I’m not so good at remembering to jot down my children’s birth stories. In fact, my eldest son turns 17 years old TODAY, and I realize I have never written down his birth story! As we enter Birthday Season for our family (3 sons, and my mom, with birthdays in the next 2 weeks), I thought I’d take a few minutes on each birthday boy’s day to record their entrance-into-the-world narratives. (Don’t worry, details are more mundane than gory!)
17 years ago last night, January 21st, 1998, my husband and I headed to lead the Jr. High youth group at our church. Usually we split up the Bible Study and game portions of the evening, but I was off duty that night since our firstborn child was due to arrive in just 10 days. As I sat in the back of the Jr. High room, I realized I had to go to the bathroom. In the bathroom, I went a little longer than I thought I needed to. Maybe a lot longer? Suddenly, I realized my water had broken! I snuck back into the Jr. High room and motioned for my husband. Ron came to the back of the room and with wide eyes I whispered that my water had broken. I thought he would be the typical new dad (you know, like the kind I had grown up seeing on television) and begin stressing out and want us to leave immediately.
He acknowledged, “Alright! Let’s finish Bible Study and then we’ll go home.”
“But, but…my water broke!”
“Here, you can sit on my jacket.”
So there I sat, in the back of the Jr. High room for an hour while hubby wrapped up the bible study. I let some of the darling middle school girls know what had happened, and confessed I was freaking out that it might look like I had wet my pants. After youth group, they gathered around me in little tight bubble and walked to my car, one unified blob, protecting me from embarrassment.
Thankfully, just about 8 months earlier, my good friend had her water break 10 days before her due date. I had the same doula she did, and was well-versed in what to do should this happen to me: let the doula know, relax, and if contractions do not begin within 24 hours, go to the hospital. I wasn’t supposed to go right to the hospital unless I thought something was wrong, and I wasn’t to worry about not having immediate contractions.
At home, I double-checked that my bags were packed (including a darling nursing nightgown with matching baby blankie – oh how I wish I had a set like this for every baby born), drank a glass of wine and went to bed (I’m not much of a wine drinker, but had a glass of wine at the beginning of several of my labors so I could get some sleep without apprehension). Sometime in the middle of the night I woke up with very strong contractions. Very strong. I had understood that early labor was supposed to be mild, and these first contractions were anything but mild. The strength of them threw me into a panic. All I could think of was, ” If this is what mild contractions feel like, what will the tough ones feel like?” I suddenly realized why my doula had laughed when we had been discussing the pain and I asked if I might just take Tylenol to relieve it!
We waited about 1/2 hour for the doula to arrive. She calmed me down a little, but I really kept imagining the pain doubling or tripling and was pretty frightened (it never did get any worse). During the actual contractions, I was able to relax and be at peace. My doula had taught me to say the word ” low” in a low, moaning voice. It really worked wonders, and was something I held on to and used throughout all four of my other births. However, I could not shake the idea that the contractions were going to build up immensely in intensity and this scared me.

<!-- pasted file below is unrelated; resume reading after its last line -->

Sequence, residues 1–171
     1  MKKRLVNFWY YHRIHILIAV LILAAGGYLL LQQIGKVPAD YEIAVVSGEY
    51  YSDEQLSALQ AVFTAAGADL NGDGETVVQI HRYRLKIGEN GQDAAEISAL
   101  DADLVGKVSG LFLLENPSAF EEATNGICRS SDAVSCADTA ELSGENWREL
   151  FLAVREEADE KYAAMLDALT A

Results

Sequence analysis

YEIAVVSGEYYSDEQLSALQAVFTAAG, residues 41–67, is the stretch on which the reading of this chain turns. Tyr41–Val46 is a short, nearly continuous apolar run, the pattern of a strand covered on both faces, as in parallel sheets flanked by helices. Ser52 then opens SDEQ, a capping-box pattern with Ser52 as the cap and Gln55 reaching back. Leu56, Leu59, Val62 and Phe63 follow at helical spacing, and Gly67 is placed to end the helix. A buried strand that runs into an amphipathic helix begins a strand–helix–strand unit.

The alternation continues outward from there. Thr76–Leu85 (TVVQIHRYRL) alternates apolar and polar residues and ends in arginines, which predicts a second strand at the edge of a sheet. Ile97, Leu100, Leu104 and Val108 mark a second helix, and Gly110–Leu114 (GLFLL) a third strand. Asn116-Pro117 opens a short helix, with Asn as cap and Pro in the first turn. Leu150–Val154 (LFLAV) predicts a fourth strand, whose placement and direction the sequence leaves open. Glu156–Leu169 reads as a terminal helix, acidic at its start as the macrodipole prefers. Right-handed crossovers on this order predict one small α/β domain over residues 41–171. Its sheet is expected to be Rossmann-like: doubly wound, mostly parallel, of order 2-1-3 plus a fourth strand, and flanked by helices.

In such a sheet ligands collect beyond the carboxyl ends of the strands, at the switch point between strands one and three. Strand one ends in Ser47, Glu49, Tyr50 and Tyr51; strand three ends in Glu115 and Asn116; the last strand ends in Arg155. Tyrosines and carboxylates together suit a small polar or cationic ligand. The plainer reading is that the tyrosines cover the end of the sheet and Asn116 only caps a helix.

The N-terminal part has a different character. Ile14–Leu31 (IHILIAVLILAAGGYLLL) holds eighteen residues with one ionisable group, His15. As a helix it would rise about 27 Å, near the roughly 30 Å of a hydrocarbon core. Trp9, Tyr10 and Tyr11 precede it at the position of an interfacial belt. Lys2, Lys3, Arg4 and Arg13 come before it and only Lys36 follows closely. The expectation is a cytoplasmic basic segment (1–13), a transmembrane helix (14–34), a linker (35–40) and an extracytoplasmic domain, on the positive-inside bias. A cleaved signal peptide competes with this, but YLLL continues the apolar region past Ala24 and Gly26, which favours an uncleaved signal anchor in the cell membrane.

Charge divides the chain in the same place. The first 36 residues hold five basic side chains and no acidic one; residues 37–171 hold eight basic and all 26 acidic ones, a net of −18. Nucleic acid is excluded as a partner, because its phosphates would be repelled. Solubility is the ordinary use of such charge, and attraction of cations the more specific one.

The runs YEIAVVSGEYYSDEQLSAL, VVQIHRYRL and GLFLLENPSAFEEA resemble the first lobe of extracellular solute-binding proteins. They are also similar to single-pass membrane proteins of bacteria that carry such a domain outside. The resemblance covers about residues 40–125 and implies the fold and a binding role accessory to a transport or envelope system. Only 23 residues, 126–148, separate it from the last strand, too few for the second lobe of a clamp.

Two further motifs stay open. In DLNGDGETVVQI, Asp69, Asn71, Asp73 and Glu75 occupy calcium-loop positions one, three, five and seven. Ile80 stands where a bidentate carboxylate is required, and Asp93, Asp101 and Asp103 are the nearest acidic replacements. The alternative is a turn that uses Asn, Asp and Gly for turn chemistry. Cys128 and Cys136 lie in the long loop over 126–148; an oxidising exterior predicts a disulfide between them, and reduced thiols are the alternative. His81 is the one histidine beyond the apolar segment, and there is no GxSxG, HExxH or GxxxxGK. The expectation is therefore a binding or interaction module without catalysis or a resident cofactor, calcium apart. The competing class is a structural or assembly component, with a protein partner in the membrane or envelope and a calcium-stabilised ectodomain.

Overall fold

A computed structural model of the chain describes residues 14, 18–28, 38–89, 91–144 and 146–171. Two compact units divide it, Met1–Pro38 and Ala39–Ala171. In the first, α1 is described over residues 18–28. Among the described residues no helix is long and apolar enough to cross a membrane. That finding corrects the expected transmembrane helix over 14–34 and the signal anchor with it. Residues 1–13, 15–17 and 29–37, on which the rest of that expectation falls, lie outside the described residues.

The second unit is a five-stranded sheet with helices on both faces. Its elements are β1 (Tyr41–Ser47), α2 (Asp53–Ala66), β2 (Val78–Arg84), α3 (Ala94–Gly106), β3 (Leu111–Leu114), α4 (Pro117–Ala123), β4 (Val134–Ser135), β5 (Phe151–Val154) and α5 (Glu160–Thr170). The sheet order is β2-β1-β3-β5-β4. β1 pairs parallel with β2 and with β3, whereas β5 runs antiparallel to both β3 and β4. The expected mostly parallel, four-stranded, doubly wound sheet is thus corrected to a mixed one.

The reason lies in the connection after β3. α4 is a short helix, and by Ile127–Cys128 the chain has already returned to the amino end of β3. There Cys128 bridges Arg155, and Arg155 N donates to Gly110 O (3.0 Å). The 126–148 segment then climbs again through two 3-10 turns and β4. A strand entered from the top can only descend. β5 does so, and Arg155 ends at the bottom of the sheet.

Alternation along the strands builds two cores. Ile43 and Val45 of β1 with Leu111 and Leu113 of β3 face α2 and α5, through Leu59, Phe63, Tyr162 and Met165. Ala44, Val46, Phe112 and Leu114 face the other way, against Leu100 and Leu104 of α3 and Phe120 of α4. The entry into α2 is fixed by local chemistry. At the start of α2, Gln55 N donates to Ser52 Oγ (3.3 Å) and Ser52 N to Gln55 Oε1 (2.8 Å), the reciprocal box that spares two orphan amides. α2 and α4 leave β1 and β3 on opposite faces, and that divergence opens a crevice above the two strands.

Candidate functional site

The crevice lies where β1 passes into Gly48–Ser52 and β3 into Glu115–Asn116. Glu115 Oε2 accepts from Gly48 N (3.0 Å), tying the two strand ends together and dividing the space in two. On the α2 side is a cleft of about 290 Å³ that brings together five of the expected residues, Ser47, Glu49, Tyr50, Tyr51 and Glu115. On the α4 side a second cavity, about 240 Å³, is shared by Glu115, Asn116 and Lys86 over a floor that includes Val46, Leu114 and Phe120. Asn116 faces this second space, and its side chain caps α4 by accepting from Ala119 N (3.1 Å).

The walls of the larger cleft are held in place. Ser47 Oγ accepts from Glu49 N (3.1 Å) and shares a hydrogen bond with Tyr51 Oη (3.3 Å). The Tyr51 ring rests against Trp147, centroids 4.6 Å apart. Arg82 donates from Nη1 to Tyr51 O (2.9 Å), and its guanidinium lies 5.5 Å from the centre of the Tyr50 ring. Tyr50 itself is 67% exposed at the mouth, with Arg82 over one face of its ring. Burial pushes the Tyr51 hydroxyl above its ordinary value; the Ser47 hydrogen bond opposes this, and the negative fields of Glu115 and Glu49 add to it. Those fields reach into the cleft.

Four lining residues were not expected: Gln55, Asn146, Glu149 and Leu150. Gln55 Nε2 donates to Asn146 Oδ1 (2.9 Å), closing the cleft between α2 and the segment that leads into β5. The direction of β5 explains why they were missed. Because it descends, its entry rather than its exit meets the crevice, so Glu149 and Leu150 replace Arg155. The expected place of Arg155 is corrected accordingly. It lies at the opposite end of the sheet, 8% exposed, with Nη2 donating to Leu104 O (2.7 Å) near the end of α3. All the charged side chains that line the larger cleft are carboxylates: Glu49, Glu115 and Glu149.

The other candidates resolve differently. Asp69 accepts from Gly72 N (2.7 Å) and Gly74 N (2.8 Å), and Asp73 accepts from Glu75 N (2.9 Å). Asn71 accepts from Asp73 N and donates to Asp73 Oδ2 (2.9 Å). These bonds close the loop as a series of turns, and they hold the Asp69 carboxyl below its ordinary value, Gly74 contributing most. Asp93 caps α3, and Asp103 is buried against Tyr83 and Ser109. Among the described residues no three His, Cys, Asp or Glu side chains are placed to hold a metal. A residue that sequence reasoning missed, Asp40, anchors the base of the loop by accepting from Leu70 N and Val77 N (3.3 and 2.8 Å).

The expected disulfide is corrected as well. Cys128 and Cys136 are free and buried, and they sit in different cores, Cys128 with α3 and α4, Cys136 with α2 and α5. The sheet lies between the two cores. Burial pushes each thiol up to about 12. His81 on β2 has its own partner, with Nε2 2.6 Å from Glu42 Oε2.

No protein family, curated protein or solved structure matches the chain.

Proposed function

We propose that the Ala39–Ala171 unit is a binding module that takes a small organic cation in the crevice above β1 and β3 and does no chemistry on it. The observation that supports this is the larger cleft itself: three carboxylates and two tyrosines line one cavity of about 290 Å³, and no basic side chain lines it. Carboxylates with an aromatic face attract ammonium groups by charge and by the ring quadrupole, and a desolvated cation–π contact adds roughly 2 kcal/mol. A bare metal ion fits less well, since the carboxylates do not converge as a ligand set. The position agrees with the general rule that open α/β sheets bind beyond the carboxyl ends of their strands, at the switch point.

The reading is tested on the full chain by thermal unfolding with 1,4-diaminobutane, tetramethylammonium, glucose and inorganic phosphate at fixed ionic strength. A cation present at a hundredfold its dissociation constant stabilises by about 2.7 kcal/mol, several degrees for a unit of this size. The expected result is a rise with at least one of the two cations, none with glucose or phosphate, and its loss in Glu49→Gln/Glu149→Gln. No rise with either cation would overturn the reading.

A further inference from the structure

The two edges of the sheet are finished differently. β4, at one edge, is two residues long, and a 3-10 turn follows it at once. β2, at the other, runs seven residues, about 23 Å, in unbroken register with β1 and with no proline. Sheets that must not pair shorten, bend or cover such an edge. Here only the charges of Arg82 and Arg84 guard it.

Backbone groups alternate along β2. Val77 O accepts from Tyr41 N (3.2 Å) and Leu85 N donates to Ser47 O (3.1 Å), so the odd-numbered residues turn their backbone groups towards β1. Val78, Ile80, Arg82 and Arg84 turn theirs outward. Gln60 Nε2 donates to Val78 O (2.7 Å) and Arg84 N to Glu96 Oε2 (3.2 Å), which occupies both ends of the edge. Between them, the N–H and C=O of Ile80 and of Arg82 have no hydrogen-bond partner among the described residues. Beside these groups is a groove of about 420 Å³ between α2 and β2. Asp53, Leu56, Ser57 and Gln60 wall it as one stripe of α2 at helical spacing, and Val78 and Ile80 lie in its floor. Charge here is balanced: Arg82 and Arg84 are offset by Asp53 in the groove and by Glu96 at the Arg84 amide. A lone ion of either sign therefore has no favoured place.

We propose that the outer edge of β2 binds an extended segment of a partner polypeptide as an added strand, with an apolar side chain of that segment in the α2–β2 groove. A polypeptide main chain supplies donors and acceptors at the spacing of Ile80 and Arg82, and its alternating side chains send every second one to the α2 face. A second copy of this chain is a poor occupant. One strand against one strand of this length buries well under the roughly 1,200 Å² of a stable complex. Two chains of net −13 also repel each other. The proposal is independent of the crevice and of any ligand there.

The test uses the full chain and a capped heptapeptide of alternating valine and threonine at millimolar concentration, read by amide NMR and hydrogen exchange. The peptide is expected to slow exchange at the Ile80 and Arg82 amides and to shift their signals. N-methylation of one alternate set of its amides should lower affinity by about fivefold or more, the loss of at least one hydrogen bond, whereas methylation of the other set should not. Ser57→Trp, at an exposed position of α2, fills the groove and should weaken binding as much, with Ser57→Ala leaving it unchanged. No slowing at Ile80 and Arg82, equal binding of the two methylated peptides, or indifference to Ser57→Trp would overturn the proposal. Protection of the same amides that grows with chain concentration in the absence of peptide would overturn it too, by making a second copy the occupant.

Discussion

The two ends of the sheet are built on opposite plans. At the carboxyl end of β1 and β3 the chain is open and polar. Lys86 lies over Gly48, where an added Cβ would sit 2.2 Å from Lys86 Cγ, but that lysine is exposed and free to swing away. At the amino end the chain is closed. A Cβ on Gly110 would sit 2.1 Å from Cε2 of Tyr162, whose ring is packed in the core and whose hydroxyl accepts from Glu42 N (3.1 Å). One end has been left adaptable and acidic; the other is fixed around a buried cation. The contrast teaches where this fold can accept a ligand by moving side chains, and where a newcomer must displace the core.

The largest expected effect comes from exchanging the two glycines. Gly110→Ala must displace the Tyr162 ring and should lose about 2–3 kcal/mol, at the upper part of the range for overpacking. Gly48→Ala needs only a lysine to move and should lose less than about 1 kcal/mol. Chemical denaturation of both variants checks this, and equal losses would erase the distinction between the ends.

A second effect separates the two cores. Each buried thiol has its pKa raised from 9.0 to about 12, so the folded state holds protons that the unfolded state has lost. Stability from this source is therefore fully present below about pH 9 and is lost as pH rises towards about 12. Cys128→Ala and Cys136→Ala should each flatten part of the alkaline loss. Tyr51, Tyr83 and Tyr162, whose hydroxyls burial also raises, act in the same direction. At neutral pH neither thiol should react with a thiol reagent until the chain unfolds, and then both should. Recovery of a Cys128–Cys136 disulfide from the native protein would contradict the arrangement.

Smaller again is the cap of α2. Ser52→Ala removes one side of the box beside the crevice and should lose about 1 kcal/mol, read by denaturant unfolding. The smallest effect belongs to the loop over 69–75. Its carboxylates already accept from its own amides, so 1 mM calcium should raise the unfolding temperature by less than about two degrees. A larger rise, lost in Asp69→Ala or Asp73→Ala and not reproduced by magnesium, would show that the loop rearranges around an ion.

Setting up a pattern for each birth to come, my contractions were all over the place. A really hard one, then an easy one. Never evenly spaced either. I think it has something to do with my very random personality! At the hospital, I begged for drugs. The doula talked me into Stadol, because she said it leaves your system faster than the others. It was horrible. It felt like laughing gas. Falling in and out of sleep between contractions, I deliriously babbled about crazy dreams. Suddenly the pain would hit so hard that I’d be shoved back into reality for a few minutes. Several hours like this were surreal and uncomfortable. I’m glad I was able to avoid narcotics in subsequent births!
Eventually, it was time to push. I had to push for 2 hours, which is not unusual for a first birth and probably had something to do with the narcotics. Finally, the baby was ready to emerge! We were so excited to find out if he was a boy or girl (the umbilical cord was hiding the privates during the 20 week ultrasound). How exciting to learn we had a son, Christian Joseph!
And with his birth, I was ushered into motherhood. I remember a friend visiting later that evening at the hospital and asking if Christian and I had bonded yet. I’m not one who tends toward dishonesty (I have plenty of sinful habits but being honest comes easily to me), but I looked at her and lied.
And I wondered what in the world “bonding” with a baby looked like? I had no idea how to get about this business of bonding.
Well, I’ve definitely bonded with him now. My now-17 year old son is an amazing young man. He’s a hard-worker, friendly, outgoing, eager to try new things, adventurous, a risk-taker. He cares for others. He loves the Lord. He’s handsome. He’s smart. He’s good at fitting in with others while retaining a unique sense of who he is. He makes friends and keeps them. He’s serious-minded but with a healthy sense of humor.
I couldn’t ask for a more wonderful firstborn son! Happy birthday, Christian!